27 October 2010
Finland identifies energy-smart measures for built environment
Over the next decade, a roadmap for developing regulations on construction and buildings must be charted, and building renovation and repair must be steered by means of regulations. Instead of post-control, building inspection activities must be proactive and provide guidance, says a survey by a Finnish task force.
Photo: City of Helsinki
Buildings must be given an environmental classification, limits must be specified for the growth of urban regions, and a feed-in tariff must be determined for solar energy, says the first comprehensive review that identifies the most effective emission-reduction measures in built environment.
The study proposes 31 actions concerning energy-efficient land use, decentralized energy production, construction guidance, building use and ownership, and competence development. Some of the actions proposed by the task force are short term, and some long term.
These measures are essential when aiming to reduce emissions caused by the built environment and for making Finland a leading country in energy efficiency.
The objective is that Finland will achieve its emission-reduction goal for the built environment already in 2017, before its 2020 deadline.
|According to Minister of Housing Jan Vapaavuori, who appointed the ERA17 task force, the most energy-smart measures may be quite different in cities and the countryside.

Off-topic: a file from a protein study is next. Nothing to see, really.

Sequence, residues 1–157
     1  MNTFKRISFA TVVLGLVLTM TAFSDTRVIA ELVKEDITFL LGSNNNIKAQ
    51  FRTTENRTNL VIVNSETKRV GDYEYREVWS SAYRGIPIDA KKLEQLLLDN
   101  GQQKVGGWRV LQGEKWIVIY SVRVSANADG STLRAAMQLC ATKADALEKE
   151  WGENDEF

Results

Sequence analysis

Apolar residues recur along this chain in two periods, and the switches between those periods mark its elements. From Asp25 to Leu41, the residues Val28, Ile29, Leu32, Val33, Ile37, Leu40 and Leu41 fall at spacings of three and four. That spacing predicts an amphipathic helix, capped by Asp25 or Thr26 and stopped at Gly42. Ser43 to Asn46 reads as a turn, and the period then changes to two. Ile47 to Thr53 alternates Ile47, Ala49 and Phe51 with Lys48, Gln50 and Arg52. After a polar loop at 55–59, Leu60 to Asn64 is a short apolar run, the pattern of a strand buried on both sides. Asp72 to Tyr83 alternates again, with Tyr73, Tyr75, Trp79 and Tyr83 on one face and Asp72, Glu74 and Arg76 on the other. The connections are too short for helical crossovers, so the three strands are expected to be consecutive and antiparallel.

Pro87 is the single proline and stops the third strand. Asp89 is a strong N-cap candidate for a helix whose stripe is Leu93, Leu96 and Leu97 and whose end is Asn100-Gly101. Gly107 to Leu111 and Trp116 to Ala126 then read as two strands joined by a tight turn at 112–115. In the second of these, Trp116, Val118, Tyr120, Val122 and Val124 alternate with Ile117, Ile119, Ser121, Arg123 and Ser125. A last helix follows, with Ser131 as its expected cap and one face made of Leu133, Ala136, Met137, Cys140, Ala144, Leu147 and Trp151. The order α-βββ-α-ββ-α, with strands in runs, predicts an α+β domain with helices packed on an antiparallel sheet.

“Decentralized energy production may have an important role in rural areas, whereas the role of infill development and integrating the urban structure is emphasised in urban areas,” Minister Vapaavuori says.
“It is clear that renovation and repair work is a key factor in promoting an energy-smart approach: over half of the building stock of 2050 already exists today."
The ERA17 task force included leading experts in the business, research and public administration sectors. It was led by the Ministry of the Environment, Sitra, the Finnish Innovation Fund, and Tekes - the Finnish Funding Agency for Technology and Innovation.
Providing wide benefits, business opportunitiesIn Finland, the built environment currently consumes 42 percent of all energy, causing 38 percent of the carbon dioxide emissions.
According to initial impact estimates, the actions will lower the energy consumption of the built environment by about 20-35 percent and result in greenhouse gas emissions decreasing by 10-35 percent by 2050, as compared to the present levels.
Most of the investments required by the actions are already now financially feasible. In addition to lowering the levels of energy consumption and emissions, the actions may significantly improve the quality of construction and housing.
"This is to say that an energy-smart approach is not a sacrifice, but something positive which benefits us all. It also poses a significant business opportunity,” says Minister Vapaavuori.
“In fact, I hope that this is also more extensively understood by the real estate and construction sectors. Without these sectors fully committing to this, we will not be able to progress in this work," Vapaavuori concludes.
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